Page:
Greeted on the streets of this beautiful country sea by a large crowd of well-dressed, happy-looking Pee Dee folk, the pathfinders learned that if they had taken the right road they would have met an escort in automobiles seven or eight miles out. On hearing this the party turned immediately and at high speed struck out to locate the missing escort. The party turned out to be one well worth locating, Lieutenant Governor Thos. G. McLeod, Drs. Harvey McLure and S. B. DuBose, Messrs. H. W. Woodward, Mayor W. R. Scarborough, J. D. Stuckey, L. W. Moore and J. P. Kilgo and County Supervisor H. E. Mooneyham, a road-builder who is master of his craft. Mr. Mooneyham’s talk at the meeting in Columbia when the Capital-to-Capital Association was organized is well remembered by those who were so fortunate as to hear it.

On the way out a stop had been made at the courthouse and here Mr. Ravenel just had to take another snapshot, so impressed was he with the beautiful building, a chaste Greek temple of silver grey, set in charming ground beautifully kept.

After cordial greetings between the pathfinders and the escort when the latter had been overtaken, the return trip to Bishopville was made at high speed and when the town was reached a still larger crowd was found to have assembled. Amount the many familiar faces which members of the party were pleased to recognized was that of Editor H. S. Cunningham, of The Leader and Vindicator, a newspaper man of high integrity and much ability.

Mutually regretful of the necessity that made it impossible for the pathfinders to remain longer in the town, the pathfinders and most of their hosts said good-bye after about an hour, the escorting party going along, after the hospitable fashion of the Pee Dee, to see them some distance on their way. The escort turned back just beyond the airy-looking steel bridge over Lynch’s river, which was the only bridge of any size in this section to withstand the 1907 summer floods. The exact point where they turned was opposite the tiny marble marker indicating the field of honor where the famous Cash-Shannon duel was fought – six miles east of Bishopville and bout an equal distance from the county line.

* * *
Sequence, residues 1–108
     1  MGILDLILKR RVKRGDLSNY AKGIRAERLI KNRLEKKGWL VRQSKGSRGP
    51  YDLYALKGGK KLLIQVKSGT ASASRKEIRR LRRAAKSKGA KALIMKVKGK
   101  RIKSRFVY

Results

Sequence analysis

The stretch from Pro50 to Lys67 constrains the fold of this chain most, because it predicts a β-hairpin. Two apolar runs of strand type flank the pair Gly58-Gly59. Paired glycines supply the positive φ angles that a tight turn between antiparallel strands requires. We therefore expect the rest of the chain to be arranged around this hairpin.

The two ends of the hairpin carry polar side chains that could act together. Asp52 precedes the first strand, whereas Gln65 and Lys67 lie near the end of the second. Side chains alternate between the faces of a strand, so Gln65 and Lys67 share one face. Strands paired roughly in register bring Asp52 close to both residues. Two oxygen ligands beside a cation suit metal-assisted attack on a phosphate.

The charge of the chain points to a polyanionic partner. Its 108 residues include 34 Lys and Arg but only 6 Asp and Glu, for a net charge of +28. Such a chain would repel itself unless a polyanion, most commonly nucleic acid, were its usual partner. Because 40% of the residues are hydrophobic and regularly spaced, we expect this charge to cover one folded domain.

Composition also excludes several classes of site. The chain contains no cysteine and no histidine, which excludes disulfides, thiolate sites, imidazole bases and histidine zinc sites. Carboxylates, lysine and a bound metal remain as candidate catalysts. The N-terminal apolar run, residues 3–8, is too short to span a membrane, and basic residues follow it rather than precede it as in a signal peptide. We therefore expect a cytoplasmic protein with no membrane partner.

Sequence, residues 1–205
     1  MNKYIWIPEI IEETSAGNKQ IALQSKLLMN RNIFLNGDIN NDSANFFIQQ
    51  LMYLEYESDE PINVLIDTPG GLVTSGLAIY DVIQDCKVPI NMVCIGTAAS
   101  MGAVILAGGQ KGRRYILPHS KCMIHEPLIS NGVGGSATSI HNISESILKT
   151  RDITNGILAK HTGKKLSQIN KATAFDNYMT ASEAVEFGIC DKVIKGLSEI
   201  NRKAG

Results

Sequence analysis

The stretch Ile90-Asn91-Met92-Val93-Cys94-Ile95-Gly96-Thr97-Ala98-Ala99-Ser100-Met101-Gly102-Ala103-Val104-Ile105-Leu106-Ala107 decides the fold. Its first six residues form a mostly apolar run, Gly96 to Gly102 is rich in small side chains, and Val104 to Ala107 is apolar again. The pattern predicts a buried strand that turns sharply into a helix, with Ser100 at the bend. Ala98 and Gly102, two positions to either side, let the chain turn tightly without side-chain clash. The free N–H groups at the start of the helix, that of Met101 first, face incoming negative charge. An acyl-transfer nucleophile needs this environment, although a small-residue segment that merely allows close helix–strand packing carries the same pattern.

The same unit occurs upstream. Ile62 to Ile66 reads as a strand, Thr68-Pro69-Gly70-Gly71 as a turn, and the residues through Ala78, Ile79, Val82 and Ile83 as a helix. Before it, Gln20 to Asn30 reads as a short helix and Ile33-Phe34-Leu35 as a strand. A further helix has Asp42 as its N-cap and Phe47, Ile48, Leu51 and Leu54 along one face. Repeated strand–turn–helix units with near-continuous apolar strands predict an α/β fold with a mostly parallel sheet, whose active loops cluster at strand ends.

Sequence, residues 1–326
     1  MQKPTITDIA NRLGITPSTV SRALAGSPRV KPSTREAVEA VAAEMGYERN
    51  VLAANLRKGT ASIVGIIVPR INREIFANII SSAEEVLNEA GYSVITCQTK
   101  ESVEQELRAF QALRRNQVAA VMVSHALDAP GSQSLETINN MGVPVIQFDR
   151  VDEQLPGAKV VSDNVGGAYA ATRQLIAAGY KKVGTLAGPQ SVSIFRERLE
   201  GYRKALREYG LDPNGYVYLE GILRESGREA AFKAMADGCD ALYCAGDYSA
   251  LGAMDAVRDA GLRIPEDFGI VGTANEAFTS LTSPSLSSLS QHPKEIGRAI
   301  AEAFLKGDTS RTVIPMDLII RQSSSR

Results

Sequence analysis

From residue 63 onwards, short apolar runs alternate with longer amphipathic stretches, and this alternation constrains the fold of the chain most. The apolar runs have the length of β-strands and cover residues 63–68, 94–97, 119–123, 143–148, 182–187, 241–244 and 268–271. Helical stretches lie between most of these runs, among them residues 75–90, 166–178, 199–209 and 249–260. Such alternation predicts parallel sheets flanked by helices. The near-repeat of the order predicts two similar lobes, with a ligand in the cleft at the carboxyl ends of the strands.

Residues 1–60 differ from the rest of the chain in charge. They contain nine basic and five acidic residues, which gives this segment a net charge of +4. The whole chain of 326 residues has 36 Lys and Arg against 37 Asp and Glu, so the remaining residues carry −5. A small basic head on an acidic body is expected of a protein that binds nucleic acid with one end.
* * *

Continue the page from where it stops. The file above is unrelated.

Good Crops

All through Lee and Darlington counties the pathfinders have been constantly exclaiming over the magnificent crops. They would not have believed but for the evidence of their own eyes that these could be better than those which they last week saw in Barnwell, Bamberg, Aiken and Orangeburg counties, but a shade better they are, nevertheless.

Dr. A. C. Baskin, T. M. Muldrow, D. C. Stuckey, J. E. Stuckey and G. M. Stuckey, W. P. Baskin, H. W. Woodward, J. S. Corbett, L. G. Jordan – mentioning at random nine whose names are at the moment recalled- have corn planted on the intensive plan that will average from 60 to 80 bushels to the acre and cotton almost locked in five-foot rows. The farm work is all exceptionally neat and the crops are uniformly clean. The soil in the Bishopville section is rich, black and loamy, requiring very little artificial fertilization to produce wonderful crops. It was in Lee, too, that the pathfinders entered the real tobacco-growing belt, through they had seen several find fields in Kershaw.

A County Speedway

From Bishopville to Darlington, 23 miles the road is as good as any the pathfinders have ever seen. four touring purposes it would hardly be better if paved with asphalt. The average running speed was 23 miles and for ‘cross-country touring that’s going some! In spurts the speedometer occasionally showed thirty-one miles an hour. The pathfinders are scrupulously careful of the rights of the other road-users, so no attempt was made to see how much faster the machines could have been sent along.